Australian energy company carbonTRACK has joined the major BankEnergi III consortium which recently won an Innovate UK grant to develop an industry-leading end-to-end energy trading solution in London's South Bank area.
The Consortio-led BankEnergi III group aims to create a local energy economy in South Bank by deploying an end-to-end solution that enables energy to be traded from building to grid supply point. The peer-to-peer energy network will allow members to trade energy with each other, creating a local energy economy and giving them an option to avoid big energy suppliers.
carbonTRACK, through its local arm carbonTRACK UK, will leverage its global expertise to deliver a behind-the-meter solution with demand response and Virtual Power Plant (VPP) capabilities at London South Bank University. The site will connect into the wider energy ecosystem through a ground-breaking open energy data integration layer linked into carbonTRACK’s VPP solution for interfaces with various route-to-market providers.
carbonTRACK Managing Director Spiros Livadaras said the consequent balancing of energy would set the standard to solve grid constraints caused by an ageing and under-capacity energy distribution infrastructure. “It’s widely recognised that a flexible approach to managing the whole energy system is a key strategy to achieve the UK’s target of carbon-neutrality by 2050,” he said.
Innovative Australian energy retailer Mojo Power has chosen energy industry disrupter carbonTRACK to put carbonTRACK’s intelligent energy management systems in the hands of its customers.
carbonTRACK https://carbontrack.com.au/ provides an ‘always on’ smart gateway for a house or business to remotely monitor and control electricity use, allowing smart home control, such as switching schedules, customisable alerts etc, through a smartphone. These tools will provide Mojo customers with a high level of control, thus potentially lowering costs, as well as enabling Mojo to provide a better service through Virtual Power Plant (VPP) functionality.
Sydney-based Mojo Power has signed a memorandum of understanding with carbonTRACK to deploy carbonTRACK’s technology in a live deployment with targeted customers. carbonTRACK’s system will equip Mojo customers to automatically turn off or defer intense energy usage during peak price periods. Once the benefits are proven, Mojo will deploy the system more widely for its customers.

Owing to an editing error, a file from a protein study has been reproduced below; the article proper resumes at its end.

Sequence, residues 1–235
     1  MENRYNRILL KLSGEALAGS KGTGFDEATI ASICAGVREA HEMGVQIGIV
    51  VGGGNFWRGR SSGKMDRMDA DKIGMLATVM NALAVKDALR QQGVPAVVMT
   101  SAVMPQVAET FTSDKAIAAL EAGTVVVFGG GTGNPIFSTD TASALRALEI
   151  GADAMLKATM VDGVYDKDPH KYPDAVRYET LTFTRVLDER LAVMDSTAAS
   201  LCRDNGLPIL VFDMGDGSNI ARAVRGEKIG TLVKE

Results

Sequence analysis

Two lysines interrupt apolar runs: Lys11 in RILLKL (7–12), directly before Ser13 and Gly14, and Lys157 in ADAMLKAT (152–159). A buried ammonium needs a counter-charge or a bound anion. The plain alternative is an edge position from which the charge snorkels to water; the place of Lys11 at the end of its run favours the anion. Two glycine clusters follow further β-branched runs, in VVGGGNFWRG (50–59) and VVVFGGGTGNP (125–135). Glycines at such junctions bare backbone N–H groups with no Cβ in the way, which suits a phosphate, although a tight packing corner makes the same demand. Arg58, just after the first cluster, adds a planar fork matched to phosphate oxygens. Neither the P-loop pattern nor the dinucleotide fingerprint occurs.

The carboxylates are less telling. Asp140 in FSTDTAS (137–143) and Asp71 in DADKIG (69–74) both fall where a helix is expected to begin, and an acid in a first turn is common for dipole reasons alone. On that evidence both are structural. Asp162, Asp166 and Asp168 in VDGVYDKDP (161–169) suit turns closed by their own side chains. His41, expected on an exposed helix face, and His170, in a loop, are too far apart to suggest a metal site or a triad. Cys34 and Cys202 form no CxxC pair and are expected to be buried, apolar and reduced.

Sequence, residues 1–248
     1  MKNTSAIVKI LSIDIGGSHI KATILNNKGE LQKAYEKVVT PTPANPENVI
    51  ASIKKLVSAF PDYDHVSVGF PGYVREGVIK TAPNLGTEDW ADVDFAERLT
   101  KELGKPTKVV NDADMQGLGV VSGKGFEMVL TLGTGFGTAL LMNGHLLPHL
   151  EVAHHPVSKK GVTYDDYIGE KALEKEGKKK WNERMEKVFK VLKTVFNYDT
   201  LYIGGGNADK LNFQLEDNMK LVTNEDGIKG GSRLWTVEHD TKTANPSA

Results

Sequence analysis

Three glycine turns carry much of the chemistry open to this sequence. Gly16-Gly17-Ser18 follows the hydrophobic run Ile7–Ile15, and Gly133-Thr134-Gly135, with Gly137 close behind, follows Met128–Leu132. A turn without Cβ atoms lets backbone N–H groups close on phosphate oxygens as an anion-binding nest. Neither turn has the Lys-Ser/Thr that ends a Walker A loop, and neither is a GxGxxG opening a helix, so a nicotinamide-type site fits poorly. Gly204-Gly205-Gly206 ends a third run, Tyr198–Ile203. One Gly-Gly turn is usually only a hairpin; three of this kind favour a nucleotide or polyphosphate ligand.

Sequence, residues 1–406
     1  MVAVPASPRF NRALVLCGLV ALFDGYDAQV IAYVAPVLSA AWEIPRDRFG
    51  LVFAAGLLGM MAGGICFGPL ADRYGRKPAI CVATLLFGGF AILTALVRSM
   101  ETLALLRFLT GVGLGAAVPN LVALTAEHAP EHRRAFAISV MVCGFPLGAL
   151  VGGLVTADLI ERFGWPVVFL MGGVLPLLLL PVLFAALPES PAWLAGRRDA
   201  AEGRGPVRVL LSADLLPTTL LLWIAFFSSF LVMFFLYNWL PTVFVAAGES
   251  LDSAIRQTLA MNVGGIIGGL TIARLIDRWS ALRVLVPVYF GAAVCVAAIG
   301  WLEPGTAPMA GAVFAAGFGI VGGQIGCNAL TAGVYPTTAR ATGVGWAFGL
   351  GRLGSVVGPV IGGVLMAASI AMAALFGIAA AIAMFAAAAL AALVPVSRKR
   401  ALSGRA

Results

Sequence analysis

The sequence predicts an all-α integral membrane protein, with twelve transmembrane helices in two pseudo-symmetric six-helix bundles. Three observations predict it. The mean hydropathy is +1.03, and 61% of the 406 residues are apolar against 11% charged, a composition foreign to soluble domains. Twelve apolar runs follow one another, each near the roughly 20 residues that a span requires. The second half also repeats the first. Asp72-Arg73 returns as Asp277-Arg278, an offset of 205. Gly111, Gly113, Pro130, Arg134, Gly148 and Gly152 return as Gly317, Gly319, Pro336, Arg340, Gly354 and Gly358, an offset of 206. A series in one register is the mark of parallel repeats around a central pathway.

Australian energy storage company Redflow Limited (ASX: RFX) and smart energy system company carbonTRACK today announce an agreement that will enable Redflow zinc-bromine flow batteries to work with carbonTRACK’s energy management system.
This collaboration will deliver Virtual Power Plant (VPP) functionality on Redflow battery systems, enabling customers to leverage carbonTRACK’s intelligent control algorithms to optimise the benefits of Redflow’s flow batteries by tailoring the total power system to each customer’s needs.
carbonTRACK and Redflow will initially explore opportunities to collaborate in the strategically important South African market where both companies have built a presence over the past few years. Challenges caused by the notorious unreliability of South Africa’s national electricity grid provide multiple opportunities for Redflow’s energy storage solution to work with carbonTRACK’s intelligent energy utilisation software. Potential South African target customers include commercial and large residential deployments as well as off-grid energy systems.
Redflow’s latest partner, Darwin-based Delta Electrics, believes that zinc-bromine flow batteries are ideally suited to deliver energy storage in the hot, demanding conditions of the Top End.
Founded in 1969, Delta Electrics is a leading supplier of power-related products and services to some of the largest organisations operating in the Northern Territory including Power Water, Territory Generation, the Australian Department of Defence, Telstra, McArthur River Mining/Xstrata and Energy Resources Australia. Delta's client base spans an extensive range of industry sectors such as telecommunications, power utilities, agriculture, local councils and remote Aboriginal communities.
Delta Electrics General Manager Andrew Boller said the Northern Territory was increasingly seeking the benefits of new-generation batteries. “With years of experience with batteries, Delta Electrics understands the challenges and limitations of working with lithium-based battery chemistries within the NT: Unless they are installed in an air-conditioned environment. the operating temperatures of lithium batteries are always in the high 30s or more, which can significantly impact their life,” he said.